This Orient appears larger visually than its dimensions due to its zero width bezel, allowing a dial only 3mm smaller than the watch’s outer diameter. Dial color is a metallic slightly off-white, a little whiter than eggshell but not as stark white as a porcelain dial. Chapter ring contains the 24-hour markers with Arabics for the hours and tick marks at the half-hours. The main hour indices consist of 6-9-12 Romans with batons for the remaining hours. These applied on an outer ring with a texture of fine concentric circles. Small minute tick marks are at the outer edge between the hour markers. Inside this is a guilloche sunflower pattern covering the remaining inner part of the dial. Main hour and minute hands are narrow dauphine style with fine tips. Seconds hand is a fine narrow pointer. The 24-hour hand has a diamond shaped tip that easily differentiates it from the other hand. Highly polished silver, they’re readily visible against the dial. One important note is the lack of lume as this could be a deal breaker with some. There is none on the dial or the hands. Personally I don’t necessarily expect lume on a dress watch, which this clearly is.

The seven link wide bracelet has a nice combination of alternating fine brush and polished links, and it’s very flexible. The butterfly clasp is well hidden when closed giving a nearly unbroken continuous appearance. The links aren’t that long, which eliminates the need for half-links. Removable links are fastened together with standard “split pins” and the links have arrows on the underside showing the direction for removal (insert in opposite direction).

The 40P51 movement is among Orient’s newer ones that features hand wind and hacking. Like Seiko, Orient has been stepping up to adding these features in its newer movements, with a “trickle down” of features from their top tier Orient Star Royal through the Orient Star models and now into the upper price points of the main Orient tier. The lower price points are still using the workhorse 46XXX family of automatics which span a number of complications, but none of which have hand wind or hacking. Both Seiko (7S2X) and Orient (46XXX) have had a rationale for this related to marketing very inexpensive mechanicals with movements from these families to 3rd World countries in Asia and Africa.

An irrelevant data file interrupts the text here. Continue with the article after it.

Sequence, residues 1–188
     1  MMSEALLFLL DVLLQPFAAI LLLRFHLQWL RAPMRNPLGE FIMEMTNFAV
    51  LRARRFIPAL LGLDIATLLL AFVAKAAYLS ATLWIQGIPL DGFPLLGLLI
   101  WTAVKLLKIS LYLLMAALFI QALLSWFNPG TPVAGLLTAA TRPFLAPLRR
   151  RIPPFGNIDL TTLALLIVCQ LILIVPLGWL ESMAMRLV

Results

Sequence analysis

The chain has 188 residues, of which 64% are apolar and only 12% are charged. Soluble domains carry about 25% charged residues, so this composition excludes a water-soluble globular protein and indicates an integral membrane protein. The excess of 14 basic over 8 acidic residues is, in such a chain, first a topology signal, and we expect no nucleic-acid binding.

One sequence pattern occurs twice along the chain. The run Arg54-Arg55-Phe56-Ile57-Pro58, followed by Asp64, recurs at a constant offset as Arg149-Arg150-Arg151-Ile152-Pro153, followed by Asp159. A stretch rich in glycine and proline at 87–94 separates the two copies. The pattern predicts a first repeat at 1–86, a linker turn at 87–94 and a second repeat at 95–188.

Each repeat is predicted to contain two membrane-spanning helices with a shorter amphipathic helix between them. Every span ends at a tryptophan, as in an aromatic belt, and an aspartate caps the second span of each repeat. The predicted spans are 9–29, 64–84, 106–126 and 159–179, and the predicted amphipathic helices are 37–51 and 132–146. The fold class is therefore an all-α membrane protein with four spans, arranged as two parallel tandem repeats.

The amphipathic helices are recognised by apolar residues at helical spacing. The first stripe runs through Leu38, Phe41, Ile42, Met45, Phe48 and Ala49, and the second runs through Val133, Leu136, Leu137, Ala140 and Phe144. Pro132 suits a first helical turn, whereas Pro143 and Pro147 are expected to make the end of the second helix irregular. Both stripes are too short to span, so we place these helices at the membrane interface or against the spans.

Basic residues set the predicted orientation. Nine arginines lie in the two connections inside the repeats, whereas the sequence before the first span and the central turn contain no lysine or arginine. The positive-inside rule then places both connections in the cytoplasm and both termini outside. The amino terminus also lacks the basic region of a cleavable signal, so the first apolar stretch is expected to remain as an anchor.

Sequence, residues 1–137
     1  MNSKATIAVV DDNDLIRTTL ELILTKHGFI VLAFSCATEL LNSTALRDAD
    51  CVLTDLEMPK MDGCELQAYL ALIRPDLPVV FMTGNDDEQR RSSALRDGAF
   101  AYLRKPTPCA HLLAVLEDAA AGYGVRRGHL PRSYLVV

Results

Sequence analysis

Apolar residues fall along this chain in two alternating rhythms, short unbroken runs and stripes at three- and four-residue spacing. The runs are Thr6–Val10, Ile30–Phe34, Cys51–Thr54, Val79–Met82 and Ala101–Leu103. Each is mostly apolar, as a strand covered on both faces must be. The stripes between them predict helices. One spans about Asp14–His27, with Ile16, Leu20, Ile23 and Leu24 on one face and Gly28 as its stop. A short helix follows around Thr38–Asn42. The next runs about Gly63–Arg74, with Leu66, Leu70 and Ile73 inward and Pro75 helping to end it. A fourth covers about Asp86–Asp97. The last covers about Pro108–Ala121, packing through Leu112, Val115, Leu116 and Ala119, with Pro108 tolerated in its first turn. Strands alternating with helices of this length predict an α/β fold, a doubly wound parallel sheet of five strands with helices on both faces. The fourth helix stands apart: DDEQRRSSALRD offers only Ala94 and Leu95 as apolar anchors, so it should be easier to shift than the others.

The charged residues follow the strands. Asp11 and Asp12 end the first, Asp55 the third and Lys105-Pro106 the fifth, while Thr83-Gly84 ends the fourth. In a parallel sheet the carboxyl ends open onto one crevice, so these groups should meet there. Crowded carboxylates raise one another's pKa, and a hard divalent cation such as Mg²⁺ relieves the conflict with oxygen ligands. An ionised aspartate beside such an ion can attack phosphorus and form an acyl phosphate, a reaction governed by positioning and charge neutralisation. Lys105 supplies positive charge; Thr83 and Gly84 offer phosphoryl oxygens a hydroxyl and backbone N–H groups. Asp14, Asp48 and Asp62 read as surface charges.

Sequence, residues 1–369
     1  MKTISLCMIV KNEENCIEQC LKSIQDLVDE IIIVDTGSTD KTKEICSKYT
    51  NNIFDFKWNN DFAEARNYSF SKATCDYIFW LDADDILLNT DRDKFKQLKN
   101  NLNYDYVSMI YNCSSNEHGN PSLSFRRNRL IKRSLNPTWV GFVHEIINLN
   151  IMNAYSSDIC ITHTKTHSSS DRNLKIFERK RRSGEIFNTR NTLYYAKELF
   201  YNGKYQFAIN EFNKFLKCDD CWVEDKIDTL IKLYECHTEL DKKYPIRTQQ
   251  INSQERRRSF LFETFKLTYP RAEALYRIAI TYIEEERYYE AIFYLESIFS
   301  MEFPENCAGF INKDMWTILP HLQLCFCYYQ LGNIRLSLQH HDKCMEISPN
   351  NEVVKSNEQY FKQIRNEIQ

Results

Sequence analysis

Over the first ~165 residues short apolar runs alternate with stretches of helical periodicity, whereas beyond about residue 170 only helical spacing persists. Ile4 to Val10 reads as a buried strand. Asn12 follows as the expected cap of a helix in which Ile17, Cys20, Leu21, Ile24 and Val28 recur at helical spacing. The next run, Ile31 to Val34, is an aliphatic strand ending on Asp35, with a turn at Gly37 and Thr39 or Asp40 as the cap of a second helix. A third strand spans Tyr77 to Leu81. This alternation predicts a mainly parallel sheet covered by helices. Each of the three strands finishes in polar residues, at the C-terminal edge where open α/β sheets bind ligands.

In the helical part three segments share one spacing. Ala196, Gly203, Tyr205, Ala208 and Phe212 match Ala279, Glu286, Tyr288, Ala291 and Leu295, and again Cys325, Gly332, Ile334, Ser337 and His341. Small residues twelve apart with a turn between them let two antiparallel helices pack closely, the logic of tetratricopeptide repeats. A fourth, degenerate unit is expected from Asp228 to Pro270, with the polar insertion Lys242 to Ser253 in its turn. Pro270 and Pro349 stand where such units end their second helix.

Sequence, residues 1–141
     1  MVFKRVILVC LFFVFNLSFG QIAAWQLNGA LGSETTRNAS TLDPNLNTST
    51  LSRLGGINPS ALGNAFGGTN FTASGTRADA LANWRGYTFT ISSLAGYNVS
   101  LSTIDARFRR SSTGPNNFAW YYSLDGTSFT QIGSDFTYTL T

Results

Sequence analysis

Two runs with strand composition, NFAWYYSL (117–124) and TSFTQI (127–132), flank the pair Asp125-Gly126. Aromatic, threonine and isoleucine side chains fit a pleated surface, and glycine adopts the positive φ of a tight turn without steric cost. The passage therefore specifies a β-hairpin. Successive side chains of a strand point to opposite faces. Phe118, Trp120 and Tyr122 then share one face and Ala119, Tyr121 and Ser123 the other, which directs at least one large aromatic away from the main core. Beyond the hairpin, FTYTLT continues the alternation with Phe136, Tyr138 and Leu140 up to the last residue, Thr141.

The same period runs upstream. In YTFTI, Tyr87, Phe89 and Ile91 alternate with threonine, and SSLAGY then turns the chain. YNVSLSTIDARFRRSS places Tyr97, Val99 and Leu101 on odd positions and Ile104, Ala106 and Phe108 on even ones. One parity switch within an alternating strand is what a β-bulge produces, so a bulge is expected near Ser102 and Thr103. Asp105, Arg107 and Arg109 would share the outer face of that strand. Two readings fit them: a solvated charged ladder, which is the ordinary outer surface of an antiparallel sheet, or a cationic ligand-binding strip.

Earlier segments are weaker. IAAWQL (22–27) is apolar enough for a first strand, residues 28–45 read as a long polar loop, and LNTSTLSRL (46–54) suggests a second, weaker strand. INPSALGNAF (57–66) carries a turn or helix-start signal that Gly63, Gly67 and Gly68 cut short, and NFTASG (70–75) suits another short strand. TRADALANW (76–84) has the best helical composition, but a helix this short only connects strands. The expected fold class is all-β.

Standout features are the Constellation’s spectacular guilloche dial and a true GMT auto movement with hand-wind and hacking underneath it. Add to it a sapphire crystal and a comfortable solid link bracelet (with SEL), and you have a real winner. This is an Orient Star quality watch with an Orient logo on the dial, and it’s at the top end of that tier. Why it’s not an Orient Star puzzles me some, but the Star line has two GMTs that I’m aware of using the same movement.

The Orient Constellation’s contemporary size, design elements and top end materials combine harmoniously to create a true GMT dress watch that is a sleeper at the top of the standard Orient line.

Orient ignored North America and its potential market for many decades, focusing on marketing domestically and with its lower lines elsewhere in Asia, with some presence in Western Europe. Their main products have been and continue to be mechanical with in-house movements. They have introduced some quartz models, but in small numbers compared to the rest of their collections. North Americans looking for Orient watches had to use Japan dealers directly, Rakuten Global, gray market storefronts and eBay, all via the Internet. There is a small official presence in North America now with one Internet based authorized distributor/dealer, but the many use the other sources. Orient now has four basic tiers:

  • The “Crystal” with three five pointed stars or an “AAA” on the dial are their lowest, basic economy line, targeted as affordable watches to economic regions with low GNP and incomes. They can be readily found on eBay.
  • The standard Orient bearing the corporate logo is a broad tier of price points, with variance based on materials such as sapphire vs mineral crystals, etc. There are a number of collections or categories in this tier. This Orient is at its very top end.
  • The third tier is the upscale Orient Star using an “S” inside an oval for its logo. Design, materials and build are generally a cut above the standard Orient line with a slight crossover from the top end Orients. Some Orient Star are Japan Domestic Market, and are not exported by Orient outside Japan. One can get the JDM models from Japan dealers and gray market, but it can take some searching. There are several collections that cover a variety of general styles within the tier from conservative to avant garde and edgy.
  • The flagship tier is the Royal Orient, a competitor with the Grand Seiko, commanding street prices in the Omega range. The Royal Orient have their own movement calibers, they are hand built in small numbers, and all are intended to be Japan Domestic Market.

I have no affiliation, association or financial interest with Orient Watch Company, its parent Epson, or any of their other subsidiaries, distributors or dealers.